The prevailing opinion on Derek Jeter among those who actually know what’s up is now correct: “Jeter is overrated” talk became so prevalent during his career (especially the latter stages) that his Yankees tenure is now officially underrated.
Add in the wide-ranging impact he’s had on generations of fans, and that rating continues to be undercounted.
After a far-too-long wait thanks to the scourge that was 2020, Jeter will finally take his place at the pedestal in Cooperstown on Wednesday afternoon. Knowing how the shortstop operates, he’ll be a man of few words, and will instead let his highlight tape speak for him.
And what a tape it is, featuring the types of instinctive plays you only see from born-with-it talented superstars. Often imitated, never surpassed. That kind of thing.
This current generation of stellar shortstops is clearly inspired by Jeter’s flair for the dramatic and dogged pursuit of victory at all costs, from Xander Bogaerts to Carlos Correa. And though the generation behind them didn’t get a chance to witness his prime, they’re clearly still inspired by No. 2’s very best.
Take, for example, these kids, who perfectly replicated Jeter’s iconic Flip Play in the Oakland Coliseum in Game 3 of the 2001 ALDS, one of the most “unbelievable plays you’ll ever see by a shortstop”…until you see a bunch of children absolutely nail it, too. Then you’ll begin to believe.
Young Yankees fans executed Derek Jeter’s Flip Play to perfection.
Perfect. No notes. Now can we get this played on the big screen in Cooperstown?
Jeter’s delayed induction was obviously a shame for so many reasons, but first and foremost because the icon was the rare matinee idol who didn’t demand public adulation. He operated with his head down more often than not. This Hall of Fame showcase week was supposed to be the chance for massive throngs to book up all the motels and B&Bs in Cooperstown and share their thunderous respect for the Captain — as well as help keep the small town rolling for another year or two.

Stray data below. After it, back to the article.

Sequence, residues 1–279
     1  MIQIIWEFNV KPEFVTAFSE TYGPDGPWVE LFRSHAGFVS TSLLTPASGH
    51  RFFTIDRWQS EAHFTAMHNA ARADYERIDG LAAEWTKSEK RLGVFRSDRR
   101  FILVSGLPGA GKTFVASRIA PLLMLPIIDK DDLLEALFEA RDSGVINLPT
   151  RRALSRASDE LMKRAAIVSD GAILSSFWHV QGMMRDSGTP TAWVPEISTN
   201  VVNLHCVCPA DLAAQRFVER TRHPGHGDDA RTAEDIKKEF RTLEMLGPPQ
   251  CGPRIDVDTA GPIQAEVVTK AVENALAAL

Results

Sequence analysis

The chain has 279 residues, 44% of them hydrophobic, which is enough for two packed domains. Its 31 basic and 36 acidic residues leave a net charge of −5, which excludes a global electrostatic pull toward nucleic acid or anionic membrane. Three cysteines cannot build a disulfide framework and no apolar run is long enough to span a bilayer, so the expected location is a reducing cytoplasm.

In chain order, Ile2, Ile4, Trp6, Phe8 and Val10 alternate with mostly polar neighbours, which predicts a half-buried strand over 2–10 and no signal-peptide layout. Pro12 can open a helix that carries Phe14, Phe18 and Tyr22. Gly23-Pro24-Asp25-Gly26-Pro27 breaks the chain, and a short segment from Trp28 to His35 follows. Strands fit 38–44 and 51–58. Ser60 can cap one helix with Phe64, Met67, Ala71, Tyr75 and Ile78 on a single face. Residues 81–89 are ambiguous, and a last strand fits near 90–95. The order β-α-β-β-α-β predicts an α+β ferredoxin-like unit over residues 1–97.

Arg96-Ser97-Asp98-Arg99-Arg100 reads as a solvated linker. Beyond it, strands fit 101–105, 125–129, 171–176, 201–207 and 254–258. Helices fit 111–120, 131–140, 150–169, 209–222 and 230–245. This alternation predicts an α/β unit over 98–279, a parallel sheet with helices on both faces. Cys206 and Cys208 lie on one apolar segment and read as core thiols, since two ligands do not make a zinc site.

Unfortunately, 2020 was a lost year, and 2021’s mid-week celebration in upstate New York isn’t quite as grandiose as it should be, though it’s far better than the limited-ticket event that was scheduled earlier in ’21 before things began to open back up. Still, though, the waves and waves of Jeter supporters who grew up reliving his greatest moments again and again, wiggling their whiffle ball bats above their heads without ever knowing exactly why, won’t necessarily get to gather en masse.
That’s what makes videos like this one so essential. Not only have those imitators grown up with Jeter, but so have their children.
As for the “Flip Play” itself, Jeter admitted this week it’s likely the singular moment of his career that comes up the most. Though it nearly had a very different ending, the Yankees shortstop is more than satisfied with how the whole thing turned out.
With the new-look Yankees in need of another miracle or two down the stretch, perhaps it wouldn’t be the worst idea to practice recreating this bit of ALDS magic themselves.
And, for goodness sake, slide.